The largest share of scholarships come through the courtesy of colleges and universities, followed by companies, foundations, professional organizations and civic groups. Most of these scholarships are awarded based on, among other things, merit, need, a specific talent or field of interest, leadership skills, or reserved for first-generation and minority students. Colleges use merit aid to attract the top students. However, Ivy League colleges and some highly selective colleges like Harvard, Yale, Stanford and MIT, are the exception. They attract an overabundance of valedictorians and highly qualified students and, instead, offer very generous need-based aid to families, even those earning over $200,000. In many cases, your application for college will automatically make you eligible for scholarships available at the college to which you are applying. In other cases, you will have to submit the FAFSA in addition to your college application to become eligible for both need-based and merit-based scholarships. Private colleges may require the CSS PROFILE in addition to the FAFSA.
4. Private Scholarships
The majority of private scholarships will require an application plus other supporting documents – for e.g., essays, resume, transcript, and letters of recommendation. There are some small (dollar amount) scholarships that do not require an essay. Remember, you don’t have to wait until your senior year in high school to apply for scholarships. Some scholarships are available to students as early as 8th grades. Some private scholarships are a one-time award, while others are renewable throughout your college career. Remember to find out if your award is renewable or if you need to apply every year. Scholarships often require that students maintain a certain GPA in order to qualify for future awards. When starting your scholarship search, start at the local level and then work your way up to the more competitive national scholarships. Local organizations, such as your local Rotary, foundations and companies will often have scholarships available exclusively for students from your school district, city or state.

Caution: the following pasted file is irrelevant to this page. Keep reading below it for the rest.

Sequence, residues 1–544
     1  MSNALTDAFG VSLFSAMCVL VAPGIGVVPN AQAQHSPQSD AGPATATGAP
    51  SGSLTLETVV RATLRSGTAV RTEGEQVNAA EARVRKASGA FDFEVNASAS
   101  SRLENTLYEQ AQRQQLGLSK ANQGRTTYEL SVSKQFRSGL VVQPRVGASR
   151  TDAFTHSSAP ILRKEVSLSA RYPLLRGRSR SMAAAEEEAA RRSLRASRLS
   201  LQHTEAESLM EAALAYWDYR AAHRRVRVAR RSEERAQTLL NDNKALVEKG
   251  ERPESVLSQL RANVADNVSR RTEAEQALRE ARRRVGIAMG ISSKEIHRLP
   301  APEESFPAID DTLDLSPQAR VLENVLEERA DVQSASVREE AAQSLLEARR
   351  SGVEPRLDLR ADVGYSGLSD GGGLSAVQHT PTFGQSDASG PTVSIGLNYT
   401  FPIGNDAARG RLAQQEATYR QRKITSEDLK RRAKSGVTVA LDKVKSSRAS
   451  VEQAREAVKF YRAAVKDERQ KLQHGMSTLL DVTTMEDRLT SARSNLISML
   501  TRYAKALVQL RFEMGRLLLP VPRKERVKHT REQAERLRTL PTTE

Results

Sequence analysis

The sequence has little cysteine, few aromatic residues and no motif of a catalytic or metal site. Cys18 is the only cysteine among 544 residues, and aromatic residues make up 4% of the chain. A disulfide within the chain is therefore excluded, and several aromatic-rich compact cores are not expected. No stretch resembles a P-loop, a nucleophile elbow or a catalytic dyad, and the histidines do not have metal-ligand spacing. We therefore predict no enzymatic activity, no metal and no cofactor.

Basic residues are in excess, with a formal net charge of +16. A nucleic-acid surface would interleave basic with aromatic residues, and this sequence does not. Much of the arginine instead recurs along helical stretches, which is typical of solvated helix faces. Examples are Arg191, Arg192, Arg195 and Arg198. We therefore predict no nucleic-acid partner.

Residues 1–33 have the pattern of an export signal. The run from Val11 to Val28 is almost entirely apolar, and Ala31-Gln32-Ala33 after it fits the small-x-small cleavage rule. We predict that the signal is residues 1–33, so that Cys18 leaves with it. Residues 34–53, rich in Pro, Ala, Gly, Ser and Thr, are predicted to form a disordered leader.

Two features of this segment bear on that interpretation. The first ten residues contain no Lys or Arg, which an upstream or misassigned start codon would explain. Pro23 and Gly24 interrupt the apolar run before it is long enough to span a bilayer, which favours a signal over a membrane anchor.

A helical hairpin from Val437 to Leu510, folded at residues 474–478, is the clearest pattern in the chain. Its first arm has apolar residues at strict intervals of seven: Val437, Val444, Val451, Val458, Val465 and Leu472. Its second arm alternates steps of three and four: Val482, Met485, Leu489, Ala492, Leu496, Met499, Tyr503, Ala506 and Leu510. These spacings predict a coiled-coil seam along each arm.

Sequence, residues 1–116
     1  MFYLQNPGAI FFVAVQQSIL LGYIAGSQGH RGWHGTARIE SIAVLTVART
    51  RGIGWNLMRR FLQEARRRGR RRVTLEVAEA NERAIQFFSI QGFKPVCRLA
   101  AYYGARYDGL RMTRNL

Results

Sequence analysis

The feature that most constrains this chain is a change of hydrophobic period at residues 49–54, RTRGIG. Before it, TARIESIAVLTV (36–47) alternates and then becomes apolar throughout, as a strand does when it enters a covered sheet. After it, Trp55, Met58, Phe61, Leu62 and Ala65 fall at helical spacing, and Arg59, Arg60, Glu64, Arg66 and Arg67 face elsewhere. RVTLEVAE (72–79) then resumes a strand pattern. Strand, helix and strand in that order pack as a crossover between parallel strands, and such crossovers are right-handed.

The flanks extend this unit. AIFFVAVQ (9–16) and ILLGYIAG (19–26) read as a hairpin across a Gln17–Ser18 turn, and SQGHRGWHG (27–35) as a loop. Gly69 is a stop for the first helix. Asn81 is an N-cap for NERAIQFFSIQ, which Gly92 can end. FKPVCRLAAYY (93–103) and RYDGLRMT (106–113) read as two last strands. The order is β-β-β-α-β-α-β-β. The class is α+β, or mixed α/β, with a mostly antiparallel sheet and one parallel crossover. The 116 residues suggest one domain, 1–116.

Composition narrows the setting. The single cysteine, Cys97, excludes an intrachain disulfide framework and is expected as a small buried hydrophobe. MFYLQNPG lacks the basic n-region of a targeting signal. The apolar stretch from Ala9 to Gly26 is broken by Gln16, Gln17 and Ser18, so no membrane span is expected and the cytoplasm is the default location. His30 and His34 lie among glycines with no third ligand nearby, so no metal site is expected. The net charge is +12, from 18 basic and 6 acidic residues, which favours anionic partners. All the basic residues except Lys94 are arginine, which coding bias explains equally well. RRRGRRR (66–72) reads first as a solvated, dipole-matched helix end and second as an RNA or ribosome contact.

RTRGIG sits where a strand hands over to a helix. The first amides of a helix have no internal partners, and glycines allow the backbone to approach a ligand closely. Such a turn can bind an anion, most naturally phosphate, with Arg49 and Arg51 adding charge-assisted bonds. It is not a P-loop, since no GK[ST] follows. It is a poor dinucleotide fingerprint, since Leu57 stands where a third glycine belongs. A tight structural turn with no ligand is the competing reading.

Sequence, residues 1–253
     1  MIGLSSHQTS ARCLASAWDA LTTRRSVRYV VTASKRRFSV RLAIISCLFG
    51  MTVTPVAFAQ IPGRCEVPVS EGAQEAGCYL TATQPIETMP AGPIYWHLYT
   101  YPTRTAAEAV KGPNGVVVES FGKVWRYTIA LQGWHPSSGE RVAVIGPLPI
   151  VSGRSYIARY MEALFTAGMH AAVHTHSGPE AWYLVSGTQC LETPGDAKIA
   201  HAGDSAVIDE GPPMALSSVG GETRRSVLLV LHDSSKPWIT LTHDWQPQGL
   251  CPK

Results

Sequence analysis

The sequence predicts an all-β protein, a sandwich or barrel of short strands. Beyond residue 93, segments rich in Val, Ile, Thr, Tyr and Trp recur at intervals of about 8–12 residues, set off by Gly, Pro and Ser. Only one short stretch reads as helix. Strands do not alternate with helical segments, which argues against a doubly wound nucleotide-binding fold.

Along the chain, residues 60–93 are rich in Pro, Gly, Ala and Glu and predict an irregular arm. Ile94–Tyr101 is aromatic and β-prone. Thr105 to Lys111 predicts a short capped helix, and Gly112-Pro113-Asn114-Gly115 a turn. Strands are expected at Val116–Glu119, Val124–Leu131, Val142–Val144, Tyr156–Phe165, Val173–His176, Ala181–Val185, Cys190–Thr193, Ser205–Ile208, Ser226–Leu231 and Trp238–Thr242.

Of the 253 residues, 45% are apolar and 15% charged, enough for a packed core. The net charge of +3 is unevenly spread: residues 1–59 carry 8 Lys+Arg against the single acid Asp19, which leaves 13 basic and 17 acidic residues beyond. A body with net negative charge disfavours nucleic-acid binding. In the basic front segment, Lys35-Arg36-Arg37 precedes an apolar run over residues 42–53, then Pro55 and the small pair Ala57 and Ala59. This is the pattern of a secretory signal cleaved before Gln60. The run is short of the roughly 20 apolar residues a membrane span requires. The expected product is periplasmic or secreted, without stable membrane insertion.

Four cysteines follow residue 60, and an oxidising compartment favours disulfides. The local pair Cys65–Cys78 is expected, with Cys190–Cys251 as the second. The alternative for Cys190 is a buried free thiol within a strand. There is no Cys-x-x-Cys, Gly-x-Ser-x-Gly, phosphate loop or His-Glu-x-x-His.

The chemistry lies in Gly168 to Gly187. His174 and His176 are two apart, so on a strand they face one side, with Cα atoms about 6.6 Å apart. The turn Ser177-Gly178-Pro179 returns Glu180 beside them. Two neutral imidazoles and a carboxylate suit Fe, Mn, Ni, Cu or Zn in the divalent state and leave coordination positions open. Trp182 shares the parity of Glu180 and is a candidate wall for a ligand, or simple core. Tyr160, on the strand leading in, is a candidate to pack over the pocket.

Where to Find Scholarships:
1. Scholarship Search Sites
Online scholarship databases are a great way to find private scholarships. These websites list scholarships from a variety of sources so you will have little problem building a list that will match your background, interests, achievements and GPA.
Our scholarship search feature is a great place to get started. Here you can search our database of over $1.9 million in scholarships.
2. Other Places to Find Scholarships
Your High School Counselor is another great resource to find scholarships. They are usually quite familiar with the scholarships other students have received and will be happy to share that information with you. The college planning software available through your school (for e.g., Naviance) may also track the scholarships other students have received. In summary, there are billions of dollars in scholarships and grants available through colleges and other organizations. If you commit the time and effort needed to find and apply to scholarships for which you are the most qualified, you could be rewarded with thousands of dollars for college.
Finding money to pay for college can sometimes feel like a full time job. But if you know where to look, that could help make the task that much easier. Tap into the tools and resources available to find as much money as you can to reduce your college bill.